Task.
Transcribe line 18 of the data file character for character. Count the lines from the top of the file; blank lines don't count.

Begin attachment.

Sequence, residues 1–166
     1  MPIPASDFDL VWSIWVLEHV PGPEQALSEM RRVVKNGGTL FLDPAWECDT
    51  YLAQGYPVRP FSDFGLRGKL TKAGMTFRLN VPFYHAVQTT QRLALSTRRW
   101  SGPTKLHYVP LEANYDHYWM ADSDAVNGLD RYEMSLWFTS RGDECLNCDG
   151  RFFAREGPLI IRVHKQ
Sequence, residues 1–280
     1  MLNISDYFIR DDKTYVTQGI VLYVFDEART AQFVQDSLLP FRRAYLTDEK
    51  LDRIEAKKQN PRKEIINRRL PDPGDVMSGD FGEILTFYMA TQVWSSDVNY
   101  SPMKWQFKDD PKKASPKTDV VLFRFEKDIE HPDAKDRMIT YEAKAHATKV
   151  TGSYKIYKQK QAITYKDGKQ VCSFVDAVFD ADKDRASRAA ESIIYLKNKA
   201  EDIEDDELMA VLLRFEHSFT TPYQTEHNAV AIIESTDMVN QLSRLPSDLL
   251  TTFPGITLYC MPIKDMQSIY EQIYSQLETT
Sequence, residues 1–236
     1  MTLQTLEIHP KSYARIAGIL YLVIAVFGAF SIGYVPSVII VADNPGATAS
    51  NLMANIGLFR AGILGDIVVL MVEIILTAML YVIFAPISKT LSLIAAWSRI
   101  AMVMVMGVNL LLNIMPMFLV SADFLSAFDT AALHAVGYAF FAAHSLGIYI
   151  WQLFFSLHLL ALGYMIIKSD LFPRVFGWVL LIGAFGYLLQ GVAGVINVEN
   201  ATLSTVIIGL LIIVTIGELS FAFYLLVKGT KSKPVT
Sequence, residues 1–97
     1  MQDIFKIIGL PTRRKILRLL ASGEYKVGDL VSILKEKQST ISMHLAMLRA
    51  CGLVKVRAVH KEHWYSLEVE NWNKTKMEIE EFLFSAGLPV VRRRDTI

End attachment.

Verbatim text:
   201  ATLSTVIIGL LIIVTIGELS FAFYLLVKGT KSKPVT